New Zealand's ability to allow crowds back in to sporting events has had an undesirable side-effect for some codes.
By Felicity Reid for rnz.co.nz
Alongside the genuine fans, a number of people working for illegal offshore bookmakers have also made their way into stadiums in Auckland.
Sports administrators know they are there and are working to crack down on the activity.
Three times people were caught transmitting games to Asia from the Auckland Netball Centre in the opening few rounds of the ANZ Premiership.
These people are called "courtsiders" and they feed point-by-point commentary to underground gambling syndicates - in real time - to get an edge on the betting market fluctuations.
Netball New Zealand's head of events and international Kate Agnew said this was the first time that this type of activity had been identified at a netball game in New Zealand.
"We'd anticipated this because we knew we were one of the few live sports that were allowing audiences in, so this was a possibility that this would occur so we did keep our eyes open for it," Agnew said.
The offenders were trespassed from the venue and Agnew said the information was passed on to Sport New Zealand as well as the police.
While not a criminal offence, courtsiding is a breach of the conditions of entry to the stadium.
"I think the police are interested because there is often a correlation between this kind of activity and maybe other activities that might fall more under their jurisdiction."
Removing spot betting from sport is a team effort and basketball's NBL Showdown general manager Justin Nelson said intel was shared between codes so that there is a sector-wide crackdown on the activity.
"Thankfully the sports work really well together, we advise each other when we do have any courtsiders at games or working a certain region," Nelson said.
"Across the world we have a very thorough integrity unit for sport and certainly for the NBL Showdown we are receiving regular wager reports from right across the world and I'm pleased to report that so far so good, but it something we are very mindful of and keep working on - as do all sports."
Nelson said identifying spectators who were engaging in courtsiding can be tricky for the uninitiated.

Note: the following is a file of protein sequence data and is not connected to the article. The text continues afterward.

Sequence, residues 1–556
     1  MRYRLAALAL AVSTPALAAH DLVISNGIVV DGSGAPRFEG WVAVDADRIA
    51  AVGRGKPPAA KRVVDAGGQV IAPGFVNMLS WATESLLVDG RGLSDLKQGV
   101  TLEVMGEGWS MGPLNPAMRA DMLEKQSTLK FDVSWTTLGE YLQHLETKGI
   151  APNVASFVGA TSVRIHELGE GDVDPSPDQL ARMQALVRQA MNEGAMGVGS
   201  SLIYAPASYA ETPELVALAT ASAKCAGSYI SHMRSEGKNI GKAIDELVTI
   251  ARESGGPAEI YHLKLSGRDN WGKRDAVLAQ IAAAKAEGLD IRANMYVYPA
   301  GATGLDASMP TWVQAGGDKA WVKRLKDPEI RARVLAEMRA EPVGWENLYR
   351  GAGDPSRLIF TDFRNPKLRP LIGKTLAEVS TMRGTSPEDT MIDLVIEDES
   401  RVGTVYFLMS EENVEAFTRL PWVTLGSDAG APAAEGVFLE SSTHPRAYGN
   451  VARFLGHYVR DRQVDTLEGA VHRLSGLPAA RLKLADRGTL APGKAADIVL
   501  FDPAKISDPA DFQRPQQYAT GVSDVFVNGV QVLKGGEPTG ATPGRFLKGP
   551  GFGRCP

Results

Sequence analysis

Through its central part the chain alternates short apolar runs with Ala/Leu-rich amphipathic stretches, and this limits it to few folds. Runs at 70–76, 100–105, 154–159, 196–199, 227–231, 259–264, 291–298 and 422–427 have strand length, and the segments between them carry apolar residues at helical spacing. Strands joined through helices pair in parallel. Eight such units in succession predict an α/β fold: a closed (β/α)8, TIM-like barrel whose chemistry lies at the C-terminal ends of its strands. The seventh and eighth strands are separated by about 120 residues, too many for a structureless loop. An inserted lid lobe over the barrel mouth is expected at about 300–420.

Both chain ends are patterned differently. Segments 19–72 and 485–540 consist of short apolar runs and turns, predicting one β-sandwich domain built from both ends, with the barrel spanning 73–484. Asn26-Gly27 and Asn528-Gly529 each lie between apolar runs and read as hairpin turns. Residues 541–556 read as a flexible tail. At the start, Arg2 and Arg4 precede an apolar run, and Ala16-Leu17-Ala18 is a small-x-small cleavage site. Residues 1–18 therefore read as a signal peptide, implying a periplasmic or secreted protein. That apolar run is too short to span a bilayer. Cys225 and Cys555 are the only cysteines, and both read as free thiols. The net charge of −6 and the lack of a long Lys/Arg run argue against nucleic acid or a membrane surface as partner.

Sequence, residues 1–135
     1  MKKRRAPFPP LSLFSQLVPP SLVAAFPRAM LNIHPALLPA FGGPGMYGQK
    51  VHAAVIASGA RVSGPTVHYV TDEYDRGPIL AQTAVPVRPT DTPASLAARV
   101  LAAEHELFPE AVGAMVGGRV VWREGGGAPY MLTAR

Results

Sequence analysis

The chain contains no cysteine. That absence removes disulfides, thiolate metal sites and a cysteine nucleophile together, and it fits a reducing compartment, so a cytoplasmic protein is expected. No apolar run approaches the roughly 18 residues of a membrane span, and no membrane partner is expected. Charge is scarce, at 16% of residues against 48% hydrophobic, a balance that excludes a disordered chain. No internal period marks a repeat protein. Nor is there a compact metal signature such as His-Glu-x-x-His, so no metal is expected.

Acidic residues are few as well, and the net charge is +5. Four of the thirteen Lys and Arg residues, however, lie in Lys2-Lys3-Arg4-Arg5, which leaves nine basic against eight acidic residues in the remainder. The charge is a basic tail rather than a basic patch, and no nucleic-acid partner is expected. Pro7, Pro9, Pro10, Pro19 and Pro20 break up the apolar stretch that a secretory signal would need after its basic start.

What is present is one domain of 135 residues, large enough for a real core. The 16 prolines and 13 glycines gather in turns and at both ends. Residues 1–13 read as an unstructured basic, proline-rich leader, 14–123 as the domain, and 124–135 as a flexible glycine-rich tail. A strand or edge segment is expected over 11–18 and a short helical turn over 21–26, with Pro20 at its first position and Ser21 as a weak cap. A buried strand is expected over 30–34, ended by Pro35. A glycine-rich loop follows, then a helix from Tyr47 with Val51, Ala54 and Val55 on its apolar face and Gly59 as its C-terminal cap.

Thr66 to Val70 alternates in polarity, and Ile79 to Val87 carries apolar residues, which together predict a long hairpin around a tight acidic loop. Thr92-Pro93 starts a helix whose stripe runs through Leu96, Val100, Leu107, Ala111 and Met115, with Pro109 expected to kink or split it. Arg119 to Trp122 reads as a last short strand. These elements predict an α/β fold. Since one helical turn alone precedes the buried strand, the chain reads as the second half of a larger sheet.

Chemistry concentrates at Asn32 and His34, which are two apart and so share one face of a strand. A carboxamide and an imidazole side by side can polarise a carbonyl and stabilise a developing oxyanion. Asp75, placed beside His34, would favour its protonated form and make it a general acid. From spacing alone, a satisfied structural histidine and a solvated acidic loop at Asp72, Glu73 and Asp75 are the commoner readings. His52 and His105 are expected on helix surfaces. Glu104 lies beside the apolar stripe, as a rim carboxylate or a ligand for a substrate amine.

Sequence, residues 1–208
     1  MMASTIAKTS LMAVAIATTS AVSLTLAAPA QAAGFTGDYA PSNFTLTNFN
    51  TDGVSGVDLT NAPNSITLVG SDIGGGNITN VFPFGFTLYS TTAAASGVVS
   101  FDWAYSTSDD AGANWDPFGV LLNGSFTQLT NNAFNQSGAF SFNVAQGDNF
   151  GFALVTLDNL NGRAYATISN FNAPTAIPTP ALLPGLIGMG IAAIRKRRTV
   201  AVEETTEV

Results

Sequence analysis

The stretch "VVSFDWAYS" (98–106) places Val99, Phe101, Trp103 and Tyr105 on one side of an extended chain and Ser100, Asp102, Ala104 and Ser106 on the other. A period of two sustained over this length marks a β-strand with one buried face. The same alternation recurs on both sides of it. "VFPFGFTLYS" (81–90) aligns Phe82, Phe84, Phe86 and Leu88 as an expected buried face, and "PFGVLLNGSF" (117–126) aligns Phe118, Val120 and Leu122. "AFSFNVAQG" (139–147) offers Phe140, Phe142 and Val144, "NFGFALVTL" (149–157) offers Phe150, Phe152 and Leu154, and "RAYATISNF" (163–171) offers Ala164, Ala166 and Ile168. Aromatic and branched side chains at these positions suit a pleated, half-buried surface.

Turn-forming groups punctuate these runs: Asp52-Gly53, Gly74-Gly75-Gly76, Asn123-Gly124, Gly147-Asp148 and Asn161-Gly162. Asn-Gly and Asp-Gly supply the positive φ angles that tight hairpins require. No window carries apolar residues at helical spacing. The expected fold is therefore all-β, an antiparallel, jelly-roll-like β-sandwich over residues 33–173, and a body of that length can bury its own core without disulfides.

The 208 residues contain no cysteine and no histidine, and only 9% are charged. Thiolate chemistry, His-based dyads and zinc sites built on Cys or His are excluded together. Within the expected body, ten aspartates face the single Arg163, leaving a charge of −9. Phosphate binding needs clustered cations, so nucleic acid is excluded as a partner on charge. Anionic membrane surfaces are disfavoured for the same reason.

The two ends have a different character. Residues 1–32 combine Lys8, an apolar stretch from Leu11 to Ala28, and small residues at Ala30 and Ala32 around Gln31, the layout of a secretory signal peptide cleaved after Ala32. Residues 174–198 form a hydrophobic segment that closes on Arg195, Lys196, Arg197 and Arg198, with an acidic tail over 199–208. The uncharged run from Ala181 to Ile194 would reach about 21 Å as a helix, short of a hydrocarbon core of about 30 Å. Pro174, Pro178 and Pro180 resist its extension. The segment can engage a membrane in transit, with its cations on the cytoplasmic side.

"Certainly when you've had years of experience seeing how they operate it becomes a lot easier to spot. I dare say people who are new to courtsiding and the practices of courtsiders at games probably take a bit more time to spot them but when you've had experience they stand out pretty easily."
When someone is suspected of courtsiding, Nelson said organisers follow a straight forward process which is backed by stadium security staff.
Before removing someone from the stadium, Nelson said their details, including a photo ID, is recorded.
"From the outset when a couple were found discovered at our game, I'm pleased to say that the message certainly got out there very very quickly that we were onto it and thankfully we just haven't seen it progress any further."
Kate Agnew said the determination to stop courtsiders was related to fairness for those legitimately betting on games.
"This is not anti-betting, but this is about the fairness and the equity of the conditions under which betting takes place. If people have courtsiders in venues who have an advantage of 30 seconds to a minute of activity over people who are placing bets in another location, who don't have that same information, that's not a level playing field," Agnew said.
Agnew also wanted to protect athletes and officials from the other element of betting - match-fixing.
"It is about safety for athletes and officials, we want them to be able to feel comfortable and know that they won't come under undue pressure or slightly less desirable elements of the sport."
Sport New Zealand chief executive Peter Miskimmin said anything that manipulated the outcome of the game was concerning for the government organisation and courtsiding was frowned upon.
But he does praise how the affected organisations dealt with it.
"What is concerning is that it happened. What is pleasing is that it was identified, recognised and dealt with at that time.
"Well done to netball and basketball officials who fixed that, but it is a clear message for our sector that we have to remain vigilant at all times to ensure that our sport is done fairly and is not brought into disrepute because of the bahaviour of some."